Do expect your dog to look and act differently for the first few days because of the discomfort on the wound, it may yelp at times or just hide at a corner. This is very normal, and no you should not cuddle your dog when this happens, you could try to hold it's body with your palms firmly to see if it will calm down - holding onto a dog actually gives them a better sense of protection compared to hugging/carrying. Hugging/carrying your dog will not only cause your dog to exaggerate the pain and get traumatized, you might also hurt and open up the stitches and wound. No matter how sad your dog may look, it is still beneficial to do the right thing by helping to speed up the healing process than to do things that are only there to make yourself feel good instead.

Meals might be hard for your dog to finish. At least for the first 2 days, we recommend full monitoring and hand feeding if there's a need. Hand feeding should only be done if your dog cannot reach the food by itself, you can feed a couple handful and then try guiding your dog to the bowl. If your dog still finds it hard to reach then feel free to hand feed all the way. Do not turn this into a routine though, make sure you hand feed sparingly or else you might be training a dog to demand hand feeding every single meal in future.

Do remember not to make your dog exercise or even walk at least for the first 2 days, you do not want the wound to end up opening all over again! Only after 2 days of progressive care then you can proceed and try walking your dog around the house, do it slowly, use some treats. Never allow your dog to run or jump, if this happens then don't give any treats and leave it alone to rest, come back only when it is calm. You should always check for any openings of wound during cleaning, do also check if there's any bleeding or pus, if there are anything that looks unsure, call your vet.

Keeping record It's great to keep record of your dog's healing process, the easiest way is to take pictures of the wound every day, doing so can let you compare the progress, to see if there are anything different, if the wound is better or actually getting worst etc.

Most vets may provide your dog with an antiseptic solution, every time before you wipe your dog with the antiseptic solution, take a picture. If at any time there is something that looks off, call your vet and ask about it, by day 4 the wound should look good, there might be some bruises but the wound should look closed and not the other way round.


Training  You may think that during healing process your dog will need to skip training, this is not true, you can too continue training as long as it does not risk your dog's wound in any ways.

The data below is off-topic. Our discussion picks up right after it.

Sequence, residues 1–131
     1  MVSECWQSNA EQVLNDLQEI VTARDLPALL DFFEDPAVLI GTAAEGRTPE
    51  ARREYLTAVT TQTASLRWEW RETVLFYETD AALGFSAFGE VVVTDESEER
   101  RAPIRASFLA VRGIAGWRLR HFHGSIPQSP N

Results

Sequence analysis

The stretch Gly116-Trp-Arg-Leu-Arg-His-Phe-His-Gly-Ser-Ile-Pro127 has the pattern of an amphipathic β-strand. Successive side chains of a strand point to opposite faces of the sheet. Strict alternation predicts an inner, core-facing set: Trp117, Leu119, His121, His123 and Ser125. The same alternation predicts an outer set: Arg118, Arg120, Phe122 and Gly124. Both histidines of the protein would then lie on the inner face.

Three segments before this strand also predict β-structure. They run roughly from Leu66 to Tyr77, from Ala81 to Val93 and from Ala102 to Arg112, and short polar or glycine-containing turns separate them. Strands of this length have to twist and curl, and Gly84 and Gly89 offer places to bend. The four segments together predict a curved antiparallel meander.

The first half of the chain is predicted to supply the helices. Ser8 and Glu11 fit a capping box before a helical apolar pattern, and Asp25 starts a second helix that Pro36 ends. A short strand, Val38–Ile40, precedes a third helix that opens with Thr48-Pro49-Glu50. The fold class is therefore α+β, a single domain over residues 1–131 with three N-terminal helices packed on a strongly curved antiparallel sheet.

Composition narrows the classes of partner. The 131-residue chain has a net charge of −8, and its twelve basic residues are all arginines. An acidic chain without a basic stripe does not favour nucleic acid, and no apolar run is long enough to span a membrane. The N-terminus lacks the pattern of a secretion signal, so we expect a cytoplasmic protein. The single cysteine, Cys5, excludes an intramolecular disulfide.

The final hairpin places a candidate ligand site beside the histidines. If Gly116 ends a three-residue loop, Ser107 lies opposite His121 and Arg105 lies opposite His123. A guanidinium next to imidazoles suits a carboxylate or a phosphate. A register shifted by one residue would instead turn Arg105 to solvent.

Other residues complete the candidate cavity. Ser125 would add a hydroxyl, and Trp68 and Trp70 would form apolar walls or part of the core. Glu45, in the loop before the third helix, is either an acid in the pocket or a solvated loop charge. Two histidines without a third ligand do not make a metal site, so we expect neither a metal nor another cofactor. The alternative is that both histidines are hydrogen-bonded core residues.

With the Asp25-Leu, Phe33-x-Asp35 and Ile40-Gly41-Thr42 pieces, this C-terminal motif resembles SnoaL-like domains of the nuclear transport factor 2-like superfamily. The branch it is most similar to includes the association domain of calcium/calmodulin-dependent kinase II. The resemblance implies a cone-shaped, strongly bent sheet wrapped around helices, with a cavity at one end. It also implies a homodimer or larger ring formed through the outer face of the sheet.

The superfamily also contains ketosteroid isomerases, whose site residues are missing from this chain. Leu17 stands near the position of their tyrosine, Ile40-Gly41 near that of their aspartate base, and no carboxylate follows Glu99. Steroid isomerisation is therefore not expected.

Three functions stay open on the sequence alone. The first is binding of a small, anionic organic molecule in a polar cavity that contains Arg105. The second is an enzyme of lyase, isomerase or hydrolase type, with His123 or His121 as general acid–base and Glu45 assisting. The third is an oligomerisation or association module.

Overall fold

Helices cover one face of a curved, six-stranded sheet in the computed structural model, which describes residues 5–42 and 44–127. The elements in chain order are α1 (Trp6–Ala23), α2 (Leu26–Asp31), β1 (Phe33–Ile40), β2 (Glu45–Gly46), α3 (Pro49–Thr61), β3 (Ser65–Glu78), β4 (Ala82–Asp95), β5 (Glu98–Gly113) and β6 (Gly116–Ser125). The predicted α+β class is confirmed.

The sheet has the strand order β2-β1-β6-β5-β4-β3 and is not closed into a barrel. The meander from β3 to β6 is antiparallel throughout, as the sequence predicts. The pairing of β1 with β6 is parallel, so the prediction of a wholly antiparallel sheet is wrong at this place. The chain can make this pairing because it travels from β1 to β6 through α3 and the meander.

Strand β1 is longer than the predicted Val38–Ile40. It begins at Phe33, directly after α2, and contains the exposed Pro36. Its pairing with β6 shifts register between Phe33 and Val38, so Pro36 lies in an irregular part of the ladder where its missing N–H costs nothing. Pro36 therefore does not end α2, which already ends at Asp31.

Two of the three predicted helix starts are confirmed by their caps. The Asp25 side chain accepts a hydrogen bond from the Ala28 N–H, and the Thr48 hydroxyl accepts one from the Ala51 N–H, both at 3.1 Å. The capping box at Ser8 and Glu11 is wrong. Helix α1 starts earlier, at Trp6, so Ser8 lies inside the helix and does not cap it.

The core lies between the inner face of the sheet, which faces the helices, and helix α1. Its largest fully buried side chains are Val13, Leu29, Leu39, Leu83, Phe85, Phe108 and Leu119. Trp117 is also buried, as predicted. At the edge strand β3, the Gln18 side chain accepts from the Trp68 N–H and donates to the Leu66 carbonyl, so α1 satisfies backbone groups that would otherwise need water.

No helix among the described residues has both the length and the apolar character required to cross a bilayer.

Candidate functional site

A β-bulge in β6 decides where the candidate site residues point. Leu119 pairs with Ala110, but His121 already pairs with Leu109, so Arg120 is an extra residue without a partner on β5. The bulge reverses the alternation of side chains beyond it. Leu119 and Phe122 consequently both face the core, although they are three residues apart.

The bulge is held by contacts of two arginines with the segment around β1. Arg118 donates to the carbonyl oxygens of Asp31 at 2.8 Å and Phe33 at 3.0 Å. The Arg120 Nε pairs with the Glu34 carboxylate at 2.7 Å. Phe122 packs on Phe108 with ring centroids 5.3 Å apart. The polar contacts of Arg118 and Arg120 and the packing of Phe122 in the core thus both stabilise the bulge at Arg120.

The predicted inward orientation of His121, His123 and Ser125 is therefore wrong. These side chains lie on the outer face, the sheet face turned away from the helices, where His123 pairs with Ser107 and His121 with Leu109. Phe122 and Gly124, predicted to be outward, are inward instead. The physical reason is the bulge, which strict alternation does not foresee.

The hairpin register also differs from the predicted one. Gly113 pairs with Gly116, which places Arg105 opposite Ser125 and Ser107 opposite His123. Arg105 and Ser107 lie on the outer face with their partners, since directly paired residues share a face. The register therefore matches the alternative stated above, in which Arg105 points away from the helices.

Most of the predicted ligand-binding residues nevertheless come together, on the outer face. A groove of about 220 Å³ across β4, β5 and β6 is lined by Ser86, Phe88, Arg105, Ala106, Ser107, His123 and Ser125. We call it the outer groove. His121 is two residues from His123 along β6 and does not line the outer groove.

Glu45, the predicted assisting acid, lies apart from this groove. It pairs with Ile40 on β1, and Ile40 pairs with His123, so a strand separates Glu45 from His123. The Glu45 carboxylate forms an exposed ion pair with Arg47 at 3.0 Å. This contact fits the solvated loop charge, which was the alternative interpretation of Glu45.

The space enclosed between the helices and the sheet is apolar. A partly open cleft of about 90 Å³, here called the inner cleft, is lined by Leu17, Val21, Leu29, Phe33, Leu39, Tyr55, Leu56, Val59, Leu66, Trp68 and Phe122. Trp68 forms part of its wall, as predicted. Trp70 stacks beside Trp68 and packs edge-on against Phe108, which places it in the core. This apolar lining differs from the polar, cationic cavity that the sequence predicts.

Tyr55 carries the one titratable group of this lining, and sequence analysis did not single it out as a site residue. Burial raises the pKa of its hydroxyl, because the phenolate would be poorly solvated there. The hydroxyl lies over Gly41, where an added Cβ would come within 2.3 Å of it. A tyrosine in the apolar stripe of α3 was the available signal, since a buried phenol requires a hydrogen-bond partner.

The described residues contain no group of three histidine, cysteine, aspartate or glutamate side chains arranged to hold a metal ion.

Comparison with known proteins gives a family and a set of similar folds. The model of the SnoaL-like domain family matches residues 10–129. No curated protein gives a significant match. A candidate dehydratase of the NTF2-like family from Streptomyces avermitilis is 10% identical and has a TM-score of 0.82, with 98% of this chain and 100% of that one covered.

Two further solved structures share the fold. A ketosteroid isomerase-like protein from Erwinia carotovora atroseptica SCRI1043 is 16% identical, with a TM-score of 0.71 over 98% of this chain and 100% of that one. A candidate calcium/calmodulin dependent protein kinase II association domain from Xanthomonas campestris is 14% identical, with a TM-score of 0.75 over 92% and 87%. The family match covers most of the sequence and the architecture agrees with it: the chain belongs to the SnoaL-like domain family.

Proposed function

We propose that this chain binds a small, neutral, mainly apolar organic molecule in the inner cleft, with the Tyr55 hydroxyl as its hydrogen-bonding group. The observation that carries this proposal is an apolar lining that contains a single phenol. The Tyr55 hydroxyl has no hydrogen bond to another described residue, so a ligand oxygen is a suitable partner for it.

The main reason with dog's behavior becoming worst is because of owners spoiling them during the healing process! By training we do not mean asking your dog to run about or to do tricks and tough commands, training can simply be maintaining your emotions and keeping rules in check, most importantly avoiding unnecessary affections. In fact, healing process could instead be a good time to teach a dog, because they have less energy and their body requires more rest than usual, this may even turn out to be a good chance to get your dog used to things it didn't like in the past.

We will share examples on what you can train on a day by day basis below, this will give you a rough idea on the limitations.

Day 1 to 2  • maintain a calm tone, don't do things like "aww", "poor thing", "I love you" etc, this may cause your dog feel even more uncomfortable. • no hugging

Your dog is at it's weakest point here, so don't force it to do anything. Try to control your emotions instead, showing sad expressions or crying does not benefit your dog in any ways. You should still continue to do what you have to, eg. Holding onto your dog if it is startled, hand feeding. Try to act as if there is nothing wrong in front of your dog to let them feel normal, although deep down you are still preparing and making necessary arrangements. This is what we call love.

Day 3 to 6  • let your dog roam around while being monitored • put on the leash and walk your dog in the house • try training your dog on things it does not like before • carry them downstairs if you can cope

Your dog should be out of it's most painful state, it should start wandering around and might attempt to interact with you. Remember, there should not be any rough plays/exercise at this point of time. You can now start to make use of this chance to train your dog on things that were hard to teach before, eg. wearing clothes, grooming. A lot of owners that followed our advice found their dog learning really fast during this period of time, you should limit physical corrections and focus more on treats and light commands. For clothes, get those that can be worn over your dog's body, don't get those t-shirt kind for now. And for grooming, just brush and comb your dog as per normal, never skip grooming, most dogs react better to grooming during healing process, and after they recover it becomes a habit to stay calmer during grooming sessions.

Don't walk your dog outdoors yet, you can carry it down instead, this can help them relief some stress. You can carry your dog to the nearby park, let them see some people, breathe in fresh air. If your dog is not responding very well or gets over excited/anxious whenever they see strangers then feel free to skip this step for now.

Day 7 - 10 • continue step 1 and 2 above • start walking your dog nearby • compare the pictures

Still, no running for now even though your dog looks completely healed. Wait till the vet says okay then you can do it. Even though you might see the incision wound healing up, sometimes the suture inside might not be fully healed yet. You can slowly walk your dog outside on leash as per normal, don't let it lie down for now, dirt might be caught up on the wound.

If you had been taking pictures of the healing process, compare them, you should be seeing a fully closed wound with just a light scar that will clear up after a month or two.



Be proud of yourself, you have done a good job!